Thursday, August 28, 2014
While I recall hearing of Miyazaki's love of aircraft and flight, it had never occurred to me that he'd make not just a film about it, but also a fairly historical film about it - and specifically about the creation of the Japanese Zero, a plane that destroyed Pearl Harbor and plunged the United States into World War II with only the skeleton of a functional navy. As an American whose father served in the Pacific theater in WWII, I found it both hard and frightening to sit still during this movie, beautifully animated, and wonderfully presented - or not.
While slow in places, it is a compelling tale of love, passion, dedication, and dreams, all wrapped up in a love of aviation and engineering. It's really quite brilliant and well done. I cannot decry the quality and achievement of this piece, but I am still left of two minds on it. This is a wonderfully realized film, definitely worth seeing.
Wednesday, August 27, 2014
The Black Cauldron is based on the "Chronicles of Prydain" by Lloyd Alexander, loosely based, if you will, specifically on the first two books but pulling in details from the entire series. There's this fantasy weapon of mass destruction called the Black Cauldron that the big bad, the Horned King, wants. With it he can raise an army of the undead to conquer the world. And there's a pig, an oracular pig, who can find it for him. Guarding the pig is Taran, a little bit like Wart from Sword in the Stone, he's a kid and wannabe hero. King seeks pig, hilarity ensues, quests abound, companions gathered, eventually good guys win - you know the drill.
The voice cast is impressive and satisfactory. Notables include John Huston as narrator, Nigel Hawthorne, John Byner, a post-Caligula John Hurt as the Horned King himself, and if you listen close, you'll hear Witchipoo (from "H.R. Pufnstuf"), Billie Hayes, as one of the witches. She was fun.
I watched this with The Bride in anticipation of podcasting about it. I gotta say when you start riffing on a flick MST3k style just a few minutes in, it's not a good sign. The Black Cauldron is an interesting if dated time capsule of what Disney did wrong, before they did it right, worth seeing at least once. And if you want hear more of my thoughts, and The Bride's, please check out the special Black Cauldron episode of The Make Mine Magic Podcast.
Tuesday, August 26, 2014
"BoJack Horseman" is an animated Netflix original from some of the same folks who do the Adult Swim programming on the Cartoon Network. It's about a washed up actor, who happens to be a horse, in a world full of both humans and anthropomorphic animals. The title character used to be in a wildly successful 1990s sitcom and is trying to make a comeback while having his memoirs ghost written by a rival's girlfriend.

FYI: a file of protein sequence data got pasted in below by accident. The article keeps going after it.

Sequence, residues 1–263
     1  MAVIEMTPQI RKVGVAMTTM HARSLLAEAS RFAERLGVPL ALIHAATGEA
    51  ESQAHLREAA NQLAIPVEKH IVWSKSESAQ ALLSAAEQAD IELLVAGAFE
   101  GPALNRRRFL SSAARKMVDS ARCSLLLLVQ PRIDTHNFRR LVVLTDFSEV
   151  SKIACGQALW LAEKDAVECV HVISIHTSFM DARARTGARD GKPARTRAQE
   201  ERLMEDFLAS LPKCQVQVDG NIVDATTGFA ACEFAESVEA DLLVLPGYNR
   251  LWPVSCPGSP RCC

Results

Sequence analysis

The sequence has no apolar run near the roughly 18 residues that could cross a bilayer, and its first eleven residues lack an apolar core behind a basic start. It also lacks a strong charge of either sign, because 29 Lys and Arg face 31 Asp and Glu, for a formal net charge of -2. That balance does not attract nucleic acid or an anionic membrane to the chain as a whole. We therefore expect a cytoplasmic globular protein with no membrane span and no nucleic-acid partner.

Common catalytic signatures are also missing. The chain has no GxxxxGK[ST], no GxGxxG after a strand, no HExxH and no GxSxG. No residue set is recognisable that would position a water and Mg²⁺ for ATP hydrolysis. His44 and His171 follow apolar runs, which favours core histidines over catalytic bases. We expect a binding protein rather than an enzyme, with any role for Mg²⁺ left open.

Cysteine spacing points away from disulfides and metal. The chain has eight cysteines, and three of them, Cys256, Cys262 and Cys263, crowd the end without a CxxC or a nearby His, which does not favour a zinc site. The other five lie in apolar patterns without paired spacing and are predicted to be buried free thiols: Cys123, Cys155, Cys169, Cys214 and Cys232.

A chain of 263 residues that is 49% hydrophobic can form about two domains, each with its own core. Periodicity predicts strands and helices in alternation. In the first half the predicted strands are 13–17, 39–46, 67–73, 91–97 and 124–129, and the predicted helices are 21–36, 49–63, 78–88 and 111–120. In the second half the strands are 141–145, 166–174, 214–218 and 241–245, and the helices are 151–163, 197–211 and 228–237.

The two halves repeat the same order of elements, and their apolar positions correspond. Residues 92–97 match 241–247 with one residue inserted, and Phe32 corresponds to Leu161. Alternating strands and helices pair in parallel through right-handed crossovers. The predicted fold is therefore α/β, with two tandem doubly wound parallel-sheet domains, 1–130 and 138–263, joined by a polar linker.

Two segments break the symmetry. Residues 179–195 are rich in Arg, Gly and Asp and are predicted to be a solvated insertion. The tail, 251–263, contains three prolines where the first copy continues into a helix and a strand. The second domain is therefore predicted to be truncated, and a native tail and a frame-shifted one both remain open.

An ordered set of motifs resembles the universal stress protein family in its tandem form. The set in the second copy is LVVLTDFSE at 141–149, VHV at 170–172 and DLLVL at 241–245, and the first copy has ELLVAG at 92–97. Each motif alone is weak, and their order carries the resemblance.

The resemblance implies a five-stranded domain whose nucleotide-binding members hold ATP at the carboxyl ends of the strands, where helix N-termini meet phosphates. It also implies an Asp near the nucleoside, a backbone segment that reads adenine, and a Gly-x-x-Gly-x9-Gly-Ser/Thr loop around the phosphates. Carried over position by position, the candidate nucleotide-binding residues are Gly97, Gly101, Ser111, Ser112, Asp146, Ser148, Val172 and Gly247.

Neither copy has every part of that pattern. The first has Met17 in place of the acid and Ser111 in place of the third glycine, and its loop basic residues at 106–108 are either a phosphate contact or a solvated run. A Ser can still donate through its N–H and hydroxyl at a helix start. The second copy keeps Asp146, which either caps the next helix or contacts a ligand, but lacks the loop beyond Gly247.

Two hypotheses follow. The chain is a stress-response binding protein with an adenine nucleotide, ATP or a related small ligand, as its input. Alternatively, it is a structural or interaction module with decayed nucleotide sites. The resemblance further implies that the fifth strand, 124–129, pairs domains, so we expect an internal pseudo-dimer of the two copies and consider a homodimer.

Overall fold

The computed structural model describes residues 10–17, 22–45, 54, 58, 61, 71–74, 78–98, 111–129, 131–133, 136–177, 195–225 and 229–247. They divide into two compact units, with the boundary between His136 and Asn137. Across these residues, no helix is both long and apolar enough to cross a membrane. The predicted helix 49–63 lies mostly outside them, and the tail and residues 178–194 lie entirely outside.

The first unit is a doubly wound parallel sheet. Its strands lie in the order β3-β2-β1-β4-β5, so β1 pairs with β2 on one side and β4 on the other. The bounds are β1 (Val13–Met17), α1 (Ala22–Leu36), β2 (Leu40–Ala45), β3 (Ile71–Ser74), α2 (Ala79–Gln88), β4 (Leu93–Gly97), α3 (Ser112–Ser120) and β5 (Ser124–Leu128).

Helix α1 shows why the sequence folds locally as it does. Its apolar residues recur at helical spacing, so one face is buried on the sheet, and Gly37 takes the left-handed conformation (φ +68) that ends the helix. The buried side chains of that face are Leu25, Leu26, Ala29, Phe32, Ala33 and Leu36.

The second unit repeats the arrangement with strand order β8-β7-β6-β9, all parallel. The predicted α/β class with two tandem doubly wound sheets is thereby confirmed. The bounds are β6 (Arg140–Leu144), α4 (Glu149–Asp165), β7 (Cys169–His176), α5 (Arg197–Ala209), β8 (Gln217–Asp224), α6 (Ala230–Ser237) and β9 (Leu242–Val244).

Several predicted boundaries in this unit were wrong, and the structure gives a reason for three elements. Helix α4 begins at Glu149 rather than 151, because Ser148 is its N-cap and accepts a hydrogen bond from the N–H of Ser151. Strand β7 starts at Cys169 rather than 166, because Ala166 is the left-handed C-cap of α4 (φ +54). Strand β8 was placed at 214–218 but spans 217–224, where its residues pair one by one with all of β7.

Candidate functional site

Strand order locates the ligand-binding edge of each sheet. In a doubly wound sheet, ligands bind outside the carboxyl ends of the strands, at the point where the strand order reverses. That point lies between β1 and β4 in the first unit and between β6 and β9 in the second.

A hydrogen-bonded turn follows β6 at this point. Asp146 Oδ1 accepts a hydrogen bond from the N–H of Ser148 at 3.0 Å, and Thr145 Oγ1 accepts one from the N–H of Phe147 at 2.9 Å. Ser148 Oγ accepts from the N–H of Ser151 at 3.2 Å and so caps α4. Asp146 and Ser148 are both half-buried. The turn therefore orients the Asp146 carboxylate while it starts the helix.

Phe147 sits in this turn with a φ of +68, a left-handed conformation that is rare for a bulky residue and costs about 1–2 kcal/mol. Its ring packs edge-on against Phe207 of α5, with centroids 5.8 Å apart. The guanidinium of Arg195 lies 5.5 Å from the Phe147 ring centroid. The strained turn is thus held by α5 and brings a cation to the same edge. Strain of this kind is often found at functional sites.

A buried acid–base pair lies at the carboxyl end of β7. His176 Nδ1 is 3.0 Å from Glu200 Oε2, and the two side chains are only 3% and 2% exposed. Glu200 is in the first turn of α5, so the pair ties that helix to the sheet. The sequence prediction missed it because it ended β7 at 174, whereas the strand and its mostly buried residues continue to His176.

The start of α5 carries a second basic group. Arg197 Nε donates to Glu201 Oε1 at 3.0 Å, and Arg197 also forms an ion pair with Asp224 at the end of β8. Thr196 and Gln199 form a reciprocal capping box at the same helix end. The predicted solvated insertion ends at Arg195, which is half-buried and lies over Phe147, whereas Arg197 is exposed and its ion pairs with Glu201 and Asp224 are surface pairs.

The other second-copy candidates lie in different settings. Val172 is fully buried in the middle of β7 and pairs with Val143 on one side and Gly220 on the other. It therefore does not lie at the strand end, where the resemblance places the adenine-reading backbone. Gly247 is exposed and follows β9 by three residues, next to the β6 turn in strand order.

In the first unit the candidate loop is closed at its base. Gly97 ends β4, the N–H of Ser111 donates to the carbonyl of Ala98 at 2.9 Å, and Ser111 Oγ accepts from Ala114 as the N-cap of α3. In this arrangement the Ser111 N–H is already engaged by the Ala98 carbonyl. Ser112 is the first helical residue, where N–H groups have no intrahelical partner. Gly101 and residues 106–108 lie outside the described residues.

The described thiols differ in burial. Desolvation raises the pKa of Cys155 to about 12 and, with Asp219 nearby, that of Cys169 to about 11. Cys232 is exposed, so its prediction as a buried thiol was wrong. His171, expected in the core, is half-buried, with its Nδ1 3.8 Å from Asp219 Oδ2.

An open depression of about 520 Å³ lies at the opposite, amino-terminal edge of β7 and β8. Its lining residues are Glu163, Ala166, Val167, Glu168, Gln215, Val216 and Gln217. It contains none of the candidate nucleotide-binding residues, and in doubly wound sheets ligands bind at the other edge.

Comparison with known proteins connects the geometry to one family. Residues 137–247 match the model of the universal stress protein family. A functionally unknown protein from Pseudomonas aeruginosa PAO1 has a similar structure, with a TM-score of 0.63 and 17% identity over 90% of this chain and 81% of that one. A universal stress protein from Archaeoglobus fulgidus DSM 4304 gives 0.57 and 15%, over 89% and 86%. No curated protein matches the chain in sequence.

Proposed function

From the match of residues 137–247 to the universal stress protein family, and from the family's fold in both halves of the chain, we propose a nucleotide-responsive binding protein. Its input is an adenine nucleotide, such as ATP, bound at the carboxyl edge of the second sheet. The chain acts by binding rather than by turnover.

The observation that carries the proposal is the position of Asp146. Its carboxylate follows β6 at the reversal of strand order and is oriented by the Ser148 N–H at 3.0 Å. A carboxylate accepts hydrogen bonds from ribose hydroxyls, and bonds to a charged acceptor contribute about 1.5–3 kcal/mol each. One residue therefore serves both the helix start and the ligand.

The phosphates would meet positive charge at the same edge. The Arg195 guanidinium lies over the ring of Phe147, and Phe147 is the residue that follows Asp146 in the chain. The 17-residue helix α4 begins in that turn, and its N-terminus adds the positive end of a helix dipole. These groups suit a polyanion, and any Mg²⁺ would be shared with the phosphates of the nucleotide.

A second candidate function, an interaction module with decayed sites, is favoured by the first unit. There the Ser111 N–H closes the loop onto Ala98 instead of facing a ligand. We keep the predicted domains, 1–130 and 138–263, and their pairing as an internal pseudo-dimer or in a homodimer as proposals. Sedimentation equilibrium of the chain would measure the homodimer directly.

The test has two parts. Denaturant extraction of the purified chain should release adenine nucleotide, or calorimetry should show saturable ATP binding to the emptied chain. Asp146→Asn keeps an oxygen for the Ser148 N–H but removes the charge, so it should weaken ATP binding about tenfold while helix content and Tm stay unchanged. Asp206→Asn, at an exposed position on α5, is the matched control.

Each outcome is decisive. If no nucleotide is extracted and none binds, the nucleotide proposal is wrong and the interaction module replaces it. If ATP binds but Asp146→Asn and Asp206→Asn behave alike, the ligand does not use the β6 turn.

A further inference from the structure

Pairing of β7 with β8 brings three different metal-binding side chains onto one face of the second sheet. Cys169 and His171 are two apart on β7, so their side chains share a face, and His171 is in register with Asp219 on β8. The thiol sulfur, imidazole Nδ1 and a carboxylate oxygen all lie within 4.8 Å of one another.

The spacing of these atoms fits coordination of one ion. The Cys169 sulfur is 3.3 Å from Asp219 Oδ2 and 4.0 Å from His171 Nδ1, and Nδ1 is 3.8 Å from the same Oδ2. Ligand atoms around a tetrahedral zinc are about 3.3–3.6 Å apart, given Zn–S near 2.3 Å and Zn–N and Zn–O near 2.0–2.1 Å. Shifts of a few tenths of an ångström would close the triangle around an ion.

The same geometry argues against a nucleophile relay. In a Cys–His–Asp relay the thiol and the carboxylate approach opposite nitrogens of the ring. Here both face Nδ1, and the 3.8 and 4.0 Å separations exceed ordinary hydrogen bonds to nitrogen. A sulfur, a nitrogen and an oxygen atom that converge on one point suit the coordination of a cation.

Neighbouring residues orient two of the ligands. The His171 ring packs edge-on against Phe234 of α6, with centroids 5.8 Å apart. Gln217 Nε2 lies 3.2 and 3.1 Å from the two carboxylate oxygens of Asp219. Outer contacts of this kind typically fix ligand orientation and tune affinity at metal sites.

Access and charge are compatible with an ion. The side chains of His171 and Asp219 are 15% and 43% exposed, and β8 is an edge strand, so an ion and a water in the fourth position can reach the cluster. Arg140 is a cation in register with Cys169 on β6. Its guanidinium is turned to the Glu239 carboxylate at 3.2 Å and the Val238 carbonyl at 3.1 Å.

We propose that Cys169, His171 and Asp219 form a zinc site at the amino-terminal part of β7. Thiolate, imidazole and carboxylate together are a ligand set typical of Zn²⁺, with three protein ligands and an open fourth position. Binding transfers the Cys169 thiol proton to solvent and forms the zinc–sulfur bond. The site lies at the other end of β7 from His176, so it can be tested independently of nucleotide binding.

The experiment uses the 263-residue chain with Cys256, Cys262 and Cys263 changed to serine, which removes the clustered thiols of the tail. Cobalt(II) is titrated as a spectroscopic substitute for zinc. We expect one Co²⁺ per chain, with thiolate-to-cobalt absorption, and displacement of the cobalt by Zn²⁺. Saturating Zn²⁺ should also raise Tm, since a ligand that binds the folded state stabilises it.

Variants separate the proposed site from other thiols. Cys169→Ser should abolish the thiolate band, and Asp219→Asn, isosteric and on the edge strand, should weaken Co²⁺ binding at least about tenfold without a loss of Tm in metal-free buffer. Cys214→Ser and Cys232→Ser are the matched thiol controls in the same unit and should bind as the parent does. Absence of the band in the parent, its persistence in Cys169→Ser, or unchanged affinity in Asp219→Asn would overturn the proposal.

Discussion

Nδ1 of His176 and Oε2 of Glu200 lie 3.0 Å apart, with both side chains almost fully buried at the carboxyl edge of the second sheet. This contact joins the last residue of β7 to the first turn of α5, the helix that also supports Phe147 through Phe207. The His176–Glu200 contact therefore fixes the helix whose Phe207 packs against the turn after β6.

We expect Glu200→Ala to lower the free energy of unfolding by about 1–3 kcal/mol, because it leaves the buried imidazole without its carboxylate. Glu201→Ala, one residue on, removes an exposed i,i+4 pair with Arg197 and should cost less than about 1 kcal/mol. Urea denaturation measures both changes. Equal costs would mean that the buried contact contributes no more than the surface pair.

I know the critics haven't been kind to it so far, but I love it. It's clever and fun, and hates Hollywood. And it does something that most network sitcoms don't do, it makes me laugh out loud. Give "BoJack Horseman" a shot, you might dig it too.
Monday, August 25, 2014
Most people may know him from his acting roles, as in Jurassic Park, The Great Escape, Doctor Doolittle, the most recent version of Miracle on 34th Street, The Sand Pebbles, and one of my personal favorites, the original Flight of the Phoenix. But the truth, and his real talent was as the man behind such great films as Gandhi, A Chorus Line, Chaplin, and Cry Freedom.
We have lost one of the shining lights of both the British cinema and Hollywood. Lord Richard Attenborough will be missed.
Friday, August 22, 2014
Then I moved on to the Lord of the Rings trilogy. This was dense and not written in the light manner of "The Hobbit." I got through "Fellowship" and started "Two Towers," then gave up on it. I put Tolkien in the same category as H.P. Lovecraft and George Lucas, great conceptualists, but lousy on the follow through. Over the next quarter century I did finish the trilogy and even re-read it, but Tolkien's style was not for me.
I did enjoy the LotR movies by Peter Jackson however, but I wasn't gaga over it. My brother-in-law was. He convinced me to watch the ten-hour DVD set of it, and it was all right, once. He also got me to watch The Hobbit: An Unexpected Journey, which I was a bit more excited for. Until the middle of the film, it seemed to go on forever. However once it got rolling it was pretty good, the bits with Gollum, and the Orcs on their trail had my interest.
I recently got a chance to finally see the second installment of The Hobbit, The Desolation of Smaug. First, three parts? Really? This couldn't be one, or two at most? This one had the same problem as the first, it dragged, was even boring in parts. I know Peter Jackson, and a majority of his fan base are in love with Middle-Earth, but it's gotta end some time, and you can't make other people love by making these movies longer.
Lord of the Rings is a major problem here too, even though those events happen almost a century after The Hobbit. So much is put into setting up LotR that this is more like parts 1-3 of Star Wars rather than The Hobbit. All the bits with Legolas and Sauron, were they really needed, or was this continuity minutiae like what Roy Thomas did with World War II in the All-Star Squadron comic book series?
I liked the movie okay, and it had slow spots as well, giving me a few quick cat naps. I look forward to the third and hopefully final Hobbit film, but I'm not sure I'll see it in the theater, after all, I waited nine months for this one. Your mileage may vary.